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It's a common that people mistakenly believe a frontloader or HE toploader's longer cycle uses more electricity regards to the machine's motor and other internal mechanical components. These units have a different kind of motor that doesn't pull as much wattage/amperage as those in toploaders of years past.

The OP's KA (KA toploaders are Whirlpool drive-drive units) likely has a 3-speed motor, which those are more expensive due to the additional copper for the 3rd speed winding. Part number 3350418. SearsPartsDirect.com lists it for $147, which is considerably less than $300. Other online sources I check range from $182 to $199, still less than $300. eBay currently shows 3 listings under that number, one new $150, one used $58, and one used $45 (but the picture shows a wrong type of motor).

Changing the motor is an easy DIY job. The new motor won't include a drive coupler ... a new coupler (PN 285753A) is easier than removing and reusing the old one, additional $10 to $12.

Only question is whether the diagnosis of a bad motor is correct.

    Bookmark   February 12, 2012 at 9:33AM
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I'm glad that I bought an FL to replace my agitator TL three years ago, rather than fixing it. My clothes are far, far cleaner than they ever were. No mold problems with the new machine, while the old machine had gotten moldy, as evidenced by smelly towels in the months before we replaced it.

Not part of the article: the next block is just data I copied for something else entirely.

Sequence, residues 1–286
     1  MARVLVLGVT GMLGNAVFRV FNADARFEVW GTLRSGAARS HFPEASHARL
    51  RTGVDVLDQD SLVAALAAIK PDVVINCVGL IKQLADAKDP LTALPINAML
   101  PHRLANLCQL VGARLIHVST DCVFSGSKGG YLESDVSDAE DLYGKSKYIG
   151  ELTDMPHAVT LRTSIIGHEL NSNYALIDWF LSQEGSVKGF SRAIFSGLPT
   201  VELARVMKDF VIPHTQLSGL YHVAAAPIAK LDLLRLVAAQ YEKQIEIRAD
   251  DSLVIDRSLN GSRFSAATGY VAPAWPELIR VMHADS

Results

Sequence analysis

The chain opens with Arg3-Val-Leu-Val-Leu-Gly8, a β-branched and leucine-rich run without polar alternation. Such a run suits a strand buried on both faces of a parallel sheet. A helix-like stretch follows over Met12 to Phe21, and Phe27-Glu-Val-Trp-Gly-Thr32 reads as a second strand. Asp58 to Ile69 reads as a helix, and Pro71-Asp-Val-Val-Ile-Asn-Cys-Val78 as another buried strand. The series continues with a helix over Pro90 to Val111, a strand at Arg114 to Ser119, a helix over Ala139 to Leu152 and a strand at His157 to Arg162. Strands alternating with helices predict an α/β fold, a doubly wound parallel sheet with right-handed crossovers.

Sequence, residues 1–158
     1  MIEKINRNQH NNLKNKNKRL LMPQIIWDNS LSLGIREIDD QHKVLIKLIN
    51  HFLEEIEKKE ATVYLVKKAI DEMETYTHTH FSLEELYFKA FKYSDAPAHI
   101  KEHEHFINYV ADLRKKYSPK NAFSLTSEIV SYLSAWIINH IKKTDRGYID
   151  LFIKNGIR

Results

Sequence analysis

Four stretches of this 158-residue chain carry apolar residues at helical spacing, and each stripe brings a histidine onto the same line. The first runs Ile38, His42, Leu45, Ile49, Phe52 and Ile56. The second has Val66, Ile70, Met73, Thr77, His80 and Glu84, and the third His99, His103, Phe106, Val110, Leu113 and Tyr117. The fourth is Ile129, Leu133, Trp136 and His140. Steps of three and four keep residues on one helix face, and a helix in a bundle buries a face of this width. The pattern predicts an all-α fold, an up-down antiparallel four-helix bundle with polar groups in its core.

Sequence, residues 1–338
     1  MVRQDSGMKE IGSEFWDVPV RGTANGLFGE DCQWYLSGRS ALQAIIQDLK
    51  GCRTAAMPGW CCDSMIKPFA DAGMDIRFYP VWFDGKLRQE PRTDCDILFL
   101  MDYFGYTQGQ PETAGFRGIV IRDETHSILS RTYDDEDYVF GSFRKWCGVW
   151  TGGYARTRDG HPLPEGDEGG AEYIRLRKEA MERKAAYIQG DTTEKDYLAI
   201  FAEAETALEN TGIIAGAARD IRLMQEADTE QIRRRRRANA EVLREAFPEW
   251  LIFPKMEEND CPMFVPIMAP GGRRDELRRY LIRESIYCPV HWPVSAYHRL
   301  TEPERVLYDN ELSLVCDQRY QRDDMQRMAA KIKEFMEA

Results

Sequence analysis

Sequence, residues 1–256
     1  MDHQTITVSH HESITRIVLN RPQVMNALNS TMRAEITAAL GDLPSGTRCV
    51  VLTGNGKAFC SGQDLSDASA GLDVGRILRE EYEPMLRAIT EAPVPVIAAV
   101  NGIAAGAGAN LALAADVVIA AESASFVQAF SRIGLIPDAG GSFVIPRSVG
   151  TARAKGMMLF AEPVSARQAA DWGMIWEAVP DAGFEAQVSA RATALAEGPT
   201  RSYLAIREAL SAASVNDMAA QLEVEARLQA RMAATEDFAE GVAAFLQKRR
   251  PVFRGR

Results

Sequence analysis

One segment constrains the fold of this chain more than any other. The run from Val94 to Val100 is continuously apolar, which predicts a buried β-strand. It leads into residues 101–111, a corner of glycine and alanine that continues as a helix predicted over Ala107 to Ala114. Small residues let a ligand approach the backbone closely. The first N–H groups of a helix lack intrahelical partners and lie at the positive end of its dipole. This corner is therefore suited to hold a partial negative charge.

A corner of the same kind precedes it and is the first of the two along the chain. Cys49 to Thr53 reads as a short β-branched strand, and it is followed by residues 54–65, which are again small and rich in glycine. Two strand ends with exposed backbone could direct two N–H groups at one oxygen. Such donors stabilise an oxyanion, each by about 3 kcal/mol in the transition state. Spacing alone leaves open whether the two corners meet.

OTOH, I recently decided to get the hinge fixed on a 20-year-old refrigerator rather than buying a new fridge, because reviews of current models are so discouraging.

    Bookmark   February 12, 2012 at 10:53AM
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I switched from top loader to front loader in 2001 and never want to go back. I owned a Frigidiare Gallery Heavy Duty FL washer/dryer first and then got a new Miele pair in 2011 (W4842/T9822).

We rented a cottage two summers ago that had a TL washing machine. I did a few loads of laundry and was reminded why I never want to own a TL again.

I agree that many folks just don't know how to make adjustments for using a FL machine - this causes a lot of problems for them.

My mom got a new LG FL last year after 26 years with the same KA top loader. This was her first FL ever. I walked her through the simple guidelines for use and care and she is so thrilled with them.

She called me the other day to tell me how she had brought a bunch of white table cloths home from church after a function. They were covered in food stains and in particular blue icing from a cake that was served. She didn't pretreat them - just tossed them in on hot - used Persil Universal Megaperls and they came out like new. She called to tell me how much she loves her new machines.